Descendants of over a dozen Ulster brothers who died on the first day of the Battle of the Somme attended a moving commemoration service in St Anne’s Cathedral yesterday.
Those remembered include the 2,000 members of the 36th (Ulster) Division who died in the first two days of battle and members of the 16th (Irish) Division, who lost 1,200 men.
The battle began on July 1, 1916. At the end of nearly five months of fighting there were 420,000 British, 200,000 French and 660,000 German casualties - carnage which forever changed the face of modern warfare.
After yesterday’s service First Minister Arlene Foster said she was particularly touched by singing from wives of soldiers who likewise risk their lives in action today - accompanied by the Band of the Royal Signals.
“This service for me was particularly poignant because of the music,” she said. “Both the cathedral choir and the Northern Ireland Military Wives Choir gave wonderful performances which made it a particularly special occasion.
“It is right that we reflect, a century later, on the enormity of what happened on that fateful day and on a scale of sacrifice that is difficult for us to comprehend. Events have taken place in virtually every corner of our Province, reflecting that no town or village was spared the scars of young men who left our shores never to return.”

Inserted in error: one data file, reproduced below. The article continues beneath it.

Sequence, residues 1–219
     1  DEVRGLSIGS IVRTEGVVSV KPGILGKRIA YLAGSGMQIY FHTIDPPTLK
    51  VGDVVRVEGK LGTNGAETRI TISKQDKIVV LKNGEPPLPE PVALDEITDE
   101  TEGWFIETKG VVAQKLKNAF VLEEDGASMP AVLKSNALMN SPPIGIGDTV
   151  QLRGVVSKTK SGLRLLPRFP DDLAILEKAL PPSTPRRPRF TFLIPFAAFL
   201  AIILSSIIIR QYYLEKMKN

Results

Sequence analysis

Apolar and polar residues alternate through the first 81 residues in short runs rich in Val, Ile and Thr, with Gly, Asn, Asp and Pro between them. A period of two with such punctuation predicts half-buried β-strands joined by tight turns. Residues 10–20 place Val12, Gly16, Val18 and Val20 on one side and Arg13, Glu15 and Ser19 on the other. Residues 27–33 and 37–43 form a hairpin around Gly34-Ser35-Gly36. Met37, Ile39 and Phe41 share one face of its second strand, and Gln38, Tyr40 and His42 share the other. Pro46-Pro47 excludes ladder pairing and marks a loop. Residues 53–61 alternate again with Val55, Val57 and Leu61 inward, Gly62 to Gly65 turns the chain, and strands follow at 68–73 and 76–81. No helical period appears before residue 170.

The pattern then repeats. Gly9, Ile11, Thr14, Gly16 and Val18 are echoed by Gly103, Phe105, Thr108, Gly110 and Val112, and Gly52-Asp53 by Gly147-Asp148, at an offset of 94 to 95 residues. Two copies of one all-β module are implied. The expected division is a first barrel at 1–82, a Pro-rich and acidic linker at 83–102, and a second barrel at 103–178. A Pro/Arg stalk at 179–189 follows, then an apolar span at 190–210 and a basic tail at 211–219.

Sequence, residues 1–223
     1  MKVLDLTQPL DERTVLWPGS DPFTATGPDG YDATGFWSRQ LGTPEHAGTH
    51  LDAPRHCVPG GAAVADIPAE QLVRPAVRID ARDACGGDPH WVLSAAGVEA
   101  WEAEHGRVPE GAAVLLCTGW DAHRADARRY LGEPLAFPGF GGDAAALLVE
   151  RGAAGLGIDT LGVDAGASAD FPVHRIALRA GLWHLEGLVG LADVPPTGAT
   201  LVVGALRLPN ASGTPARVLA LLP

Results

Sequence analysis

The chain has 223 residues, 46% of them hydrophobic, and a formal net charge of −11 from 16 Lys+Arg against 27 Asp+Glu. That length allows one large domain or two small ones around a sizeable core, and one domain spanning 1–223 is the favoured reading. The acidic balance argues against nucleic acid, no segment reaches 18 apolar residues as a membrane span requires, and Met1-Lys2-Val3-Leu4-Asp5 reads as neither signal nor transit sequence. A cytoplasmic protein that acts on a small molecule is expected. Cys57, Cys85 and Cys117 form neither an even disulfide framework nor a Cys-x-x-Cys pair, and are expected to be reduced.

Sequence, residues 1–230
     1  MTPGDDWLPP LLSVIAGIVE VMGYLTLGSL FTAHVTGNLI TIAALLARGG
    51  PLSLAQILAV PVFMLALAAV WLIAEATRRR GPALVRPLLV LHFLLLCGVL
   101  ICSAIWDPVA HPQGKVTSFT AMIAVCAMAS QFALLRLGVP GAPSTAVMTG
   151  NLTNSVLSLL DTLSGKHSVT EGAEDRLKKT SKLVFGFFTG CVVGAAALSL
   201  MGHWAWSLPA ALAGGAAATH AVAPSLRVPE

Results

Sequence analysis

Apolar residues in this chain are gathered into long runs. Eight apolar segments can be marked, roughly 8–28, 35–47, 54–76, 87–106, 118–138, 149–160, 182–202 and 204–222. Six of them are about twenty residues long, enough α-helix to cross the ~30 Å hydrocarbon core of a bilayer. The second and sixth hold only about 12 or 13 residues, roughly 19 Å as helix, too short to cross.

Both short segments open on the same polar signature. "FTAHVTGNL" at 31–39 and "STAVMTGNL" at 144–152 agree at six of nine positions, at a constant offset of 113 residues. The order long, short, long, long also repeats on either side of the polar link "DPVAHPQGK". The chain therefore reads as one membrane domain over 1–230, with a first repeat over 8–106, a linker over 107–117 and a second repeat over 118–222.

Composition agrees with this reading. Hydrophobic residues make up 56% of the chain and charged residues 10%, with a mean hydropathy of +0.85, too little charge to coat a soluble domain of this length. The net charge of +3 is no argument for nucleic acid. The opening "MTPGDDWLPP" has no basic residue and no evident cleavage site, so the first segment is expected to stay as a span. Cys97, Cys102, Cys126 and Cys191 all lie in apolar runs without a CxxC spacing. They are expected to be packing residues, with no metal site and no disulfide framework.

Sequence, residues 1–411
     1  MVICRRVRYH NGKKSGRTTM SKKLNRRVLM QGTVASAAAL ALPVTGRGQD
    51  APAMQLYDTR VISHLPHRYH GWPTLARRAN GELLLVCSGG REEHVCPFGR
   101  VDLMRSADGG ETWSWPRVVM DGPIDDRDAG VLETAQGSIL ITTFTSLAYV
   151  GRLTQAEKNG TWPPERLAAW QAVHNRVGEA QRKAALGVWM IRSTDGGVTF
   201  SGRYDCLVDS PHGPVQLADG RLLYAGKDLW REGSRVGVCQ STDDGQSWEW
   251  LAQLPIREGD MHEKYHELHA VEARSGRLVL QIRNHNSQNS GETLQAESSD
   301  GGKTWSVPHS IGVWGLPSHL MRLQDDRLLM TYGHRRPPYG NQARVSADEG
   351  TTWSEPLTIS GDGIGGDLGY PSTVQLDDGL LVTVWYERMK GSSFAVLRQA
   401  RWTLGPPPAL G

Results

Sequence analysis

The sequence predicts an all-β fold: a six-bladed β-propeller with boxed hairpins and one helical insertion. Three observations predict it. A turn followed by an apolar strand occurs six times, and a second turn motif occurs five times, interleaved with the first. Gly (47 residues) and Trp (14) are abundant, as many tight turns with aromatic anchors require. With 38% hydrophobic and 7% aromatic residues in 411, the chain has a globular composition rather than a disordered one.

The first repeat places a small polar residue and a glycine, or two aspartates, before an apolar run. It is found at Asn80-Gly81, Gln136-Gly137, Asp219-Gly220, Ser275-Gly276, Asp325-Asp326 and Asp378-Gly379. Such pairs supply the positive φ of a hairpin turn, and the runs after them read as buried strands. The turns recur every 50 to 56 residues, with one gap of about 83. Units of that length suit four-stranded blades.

The names of the 17 sets of Ulster brothers who died on the first day of the battle were read out, as were the names of four members of the 36th (Ulster) Division who were awarded the Victoria Cross for valour: Rifleman William Frederick McFadzean VC, The Royal Irish Rifles; Captain Eric Norman Frankland Bell VC, The Royal Inniskilling Fusiliers; Rifleman Robert Quigg VC, The Royal Irish Rifles; and Lieutenant Geoffrey Cather VC, The Royal Irish Fusiliers.
Sir Jeffrey Donaldson MP said it was “a day of great significance” as a result of the actions of the 36th (Ulster) Division, which lost over 5,000 soldiers, killed and wounded.